Moody rockers Editors’ fourth album is worth the Weight

July 17, 2013 in Blog, Irish Daily Star

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ALT-ROCKERS Editors have a love/hate relationship with festivals, and turned down our own Electric Picnic on their circuit to promote new album The Weight of Love.

They said the Picnic organisers were “taking the piss” — but frontman Tom Smith promises they’ll play here before the end of the year.

Tom says of festivals: “As a performer they’re instantly gratifying. If you feel like you’ve won over that field of people, you know it’s a powerful thing.

“There’s a slight frustration when they don’t go well because the audience aren’t there just to see you.

“Of course you’re up there and it’s like, ‘What the fuck am I doing here?’ That’s when I look forward to after the summer when we’re doing our own shows.”

The Weight of Love took four turbulent years to complete but is finally ready.

Editors founding member Chris Urbanowicz left the band, citing musical differences, as Smith reveals: “We reached a point where we could no longer function as four people so we made the decision to carry on as three of us.”

Justin Lockey and Elliott Williams were originally added to complete a show they had booked, but Smith says “the rehearsals for the show went really well and we started throwing around some of the new songs”.

He added: “We didn’t want a new guitarist to play just exactly like Chris did. Chris had a very individual style he had a signature sound, but with him going it wasn’t like, ‘Ok, now we need to get Chris part two’.

“We thought, ‘Let’s get a guitarist and move the band into a new area with someone who does things differently’, so the guitars on this record will sound very different from any lead guitars on previous Editors records.”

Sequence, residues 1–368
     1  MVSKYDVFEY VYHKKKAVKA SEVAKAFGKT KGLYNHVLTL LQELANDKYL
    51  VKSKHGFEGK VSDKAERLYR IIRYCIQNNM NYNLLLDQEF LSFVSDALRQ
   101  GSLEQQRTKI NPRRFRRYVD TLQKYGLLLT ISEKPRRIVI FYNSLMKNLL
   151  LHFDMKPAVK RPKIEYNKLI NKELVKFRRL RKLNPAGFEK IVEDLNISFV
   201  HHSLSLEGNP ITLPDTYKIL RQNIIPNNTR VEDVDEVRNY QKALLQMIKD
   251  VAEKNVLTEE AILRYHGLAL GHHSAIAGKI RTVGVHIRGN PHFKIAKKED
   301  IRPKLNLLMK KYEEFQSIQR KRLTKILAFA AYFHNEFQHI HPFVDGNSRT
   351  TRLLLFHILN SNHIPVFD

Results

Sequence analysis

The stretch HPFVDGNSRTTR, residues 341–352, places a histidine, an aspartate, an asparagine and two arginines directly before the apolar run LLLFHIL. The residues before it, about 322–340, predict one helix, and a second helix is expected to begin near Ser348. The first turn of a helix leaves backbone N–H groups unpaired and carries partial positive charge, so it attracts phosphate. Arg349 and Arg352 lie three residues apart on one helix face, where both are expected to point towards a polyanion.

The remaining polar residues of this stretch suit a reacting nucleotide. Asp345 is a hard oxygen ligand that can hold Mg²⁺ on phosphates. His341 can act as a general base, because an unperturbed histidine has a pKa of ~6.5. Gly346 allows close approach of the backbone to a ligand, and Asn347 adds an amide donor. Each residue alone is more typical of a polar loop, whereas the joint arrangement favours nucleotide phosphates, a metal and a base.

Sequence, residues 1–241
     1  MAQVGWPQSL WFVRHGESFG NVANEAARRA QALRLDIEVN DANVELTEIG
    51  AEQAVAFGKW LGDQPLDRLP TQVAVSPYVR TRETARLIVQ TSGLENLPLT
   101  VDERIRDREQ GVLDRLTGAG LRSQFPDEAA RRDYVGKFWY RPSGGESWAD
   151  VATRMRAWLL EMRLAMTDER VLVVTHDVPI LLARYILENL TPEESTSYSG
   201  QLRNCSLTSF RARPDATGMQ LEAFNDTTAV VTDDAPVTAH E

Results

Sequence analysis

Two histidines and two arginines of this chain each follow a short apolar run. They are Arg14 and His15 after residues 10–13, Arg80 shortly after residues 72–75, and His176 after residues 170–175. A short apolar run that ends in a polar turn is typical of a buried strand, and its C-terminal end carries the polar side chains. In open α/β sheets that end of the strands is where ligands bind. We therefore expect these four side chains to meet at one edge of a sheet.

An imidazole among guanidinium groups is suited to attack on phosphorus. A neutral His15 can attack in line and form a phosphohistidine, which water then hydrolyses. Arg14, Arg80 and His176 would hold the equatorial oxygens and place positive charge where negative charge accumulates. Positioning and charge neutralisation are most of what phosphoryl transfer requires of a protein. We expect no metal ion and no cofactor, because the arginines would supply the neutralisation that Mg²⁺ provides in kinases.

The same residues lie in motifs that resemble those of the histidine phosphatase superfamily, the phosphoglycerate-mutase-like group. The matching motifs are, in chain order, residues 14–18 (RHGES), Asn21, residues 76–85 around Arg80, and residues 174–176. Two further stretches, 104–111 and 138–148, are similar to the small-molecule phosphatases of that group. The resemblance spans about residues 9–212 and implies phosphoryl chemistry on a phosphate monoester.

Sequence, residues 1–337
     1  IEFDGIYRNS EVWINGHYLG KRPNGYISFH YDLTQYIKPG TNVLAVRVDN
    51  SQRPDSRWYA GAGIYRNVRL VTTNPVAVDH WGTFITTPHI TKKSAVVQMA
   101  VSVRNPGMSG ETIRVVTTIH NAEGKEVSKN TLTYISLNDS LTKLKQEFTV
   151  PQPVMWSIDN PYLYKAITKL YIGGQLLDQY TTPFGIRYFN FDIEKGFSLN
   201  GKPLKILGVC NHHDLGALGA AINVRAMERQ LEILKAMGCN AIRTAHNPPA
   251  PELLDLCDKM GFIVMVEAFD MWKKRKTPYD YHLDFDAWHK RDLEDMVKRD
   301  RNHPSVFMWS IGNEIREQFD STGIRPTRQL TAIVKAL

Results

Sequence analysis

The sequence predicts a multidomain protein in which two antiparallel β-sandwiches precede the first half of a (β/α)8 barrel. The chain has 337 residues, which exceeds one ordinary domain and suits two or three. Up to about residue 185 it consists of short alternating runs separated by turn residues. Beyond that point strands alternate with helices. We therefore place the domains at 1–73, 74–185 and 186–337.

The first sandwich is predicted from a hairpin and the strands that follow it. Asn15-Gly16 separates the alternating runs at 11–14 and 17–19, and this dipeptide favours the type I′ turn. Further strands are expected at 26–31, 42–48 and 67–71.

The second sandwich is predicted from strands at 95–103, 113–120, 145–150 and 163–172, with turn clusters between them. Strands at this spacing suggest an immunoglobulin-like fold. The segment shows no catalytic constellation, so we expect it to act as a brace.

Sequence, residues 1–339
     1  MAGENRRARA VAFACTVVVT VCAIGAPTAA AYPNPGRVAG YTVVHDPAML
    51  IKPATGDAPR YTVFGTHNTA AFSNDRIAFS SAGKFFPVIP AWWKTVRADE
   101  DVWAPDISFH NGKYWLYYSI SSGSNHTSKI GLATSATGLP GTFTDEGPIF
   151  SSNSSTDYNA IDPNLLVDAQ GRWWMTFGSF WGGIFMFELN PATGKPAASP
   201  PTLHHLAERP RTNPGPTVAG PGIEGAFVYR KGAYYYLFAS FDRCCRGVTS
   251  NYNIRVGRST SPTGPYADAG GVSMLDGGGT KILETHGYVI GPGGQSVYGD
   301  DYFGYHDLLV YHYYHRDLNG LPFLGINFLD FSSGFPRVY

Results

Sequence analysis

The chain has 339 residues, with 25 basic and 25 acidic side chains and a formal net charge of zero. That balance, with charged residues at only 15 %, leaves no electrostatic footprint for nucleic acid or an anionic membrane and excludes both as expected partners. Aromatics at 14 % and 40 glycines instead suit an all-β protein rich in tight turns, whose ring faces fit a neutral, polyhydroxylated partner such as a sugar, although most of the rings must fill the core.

Elliott provides guitar and keyboards, but more importantly he sings — a first for the band.

Smith described the difficult transition: “We went through immense stress and strain. We felt like we didn’t know how to make music anymore so there was a lot of fear and worries regarding that when things got dark. When we started to put things back together and it started to work, it was exciting.

“Now we’re finding a way of presenting the songs that we’re all into in a way we haven’t done it before.”

Avoiding the pressure of following two platinum albums by not thinking about it, Smith remains philosophical, saying: “You make a record that you’re proud of and get it out and play it to people and hopefully the songs will do the rest for you.”

The Weight of Love deals with the slightly darker side of love, which in earlier days Smith would have been scared to write about.

The song Phonebook’s message is “with you, I’m not scared of getting old”.

As Smith describes it: “That’s a straightforward sentiment of love. It’s not a greeting cards sentiment, but it is a loving thing.”

He adds: “Love can be that life-affirming warming but equally it can be destructive and it can be a burden sometimes too.

“We take our music very seriously. Many people probably think we take it too seriously. I don’t personally think you can take it too seriously.”

A serious man for a serious album.

The Weight of Love is out now.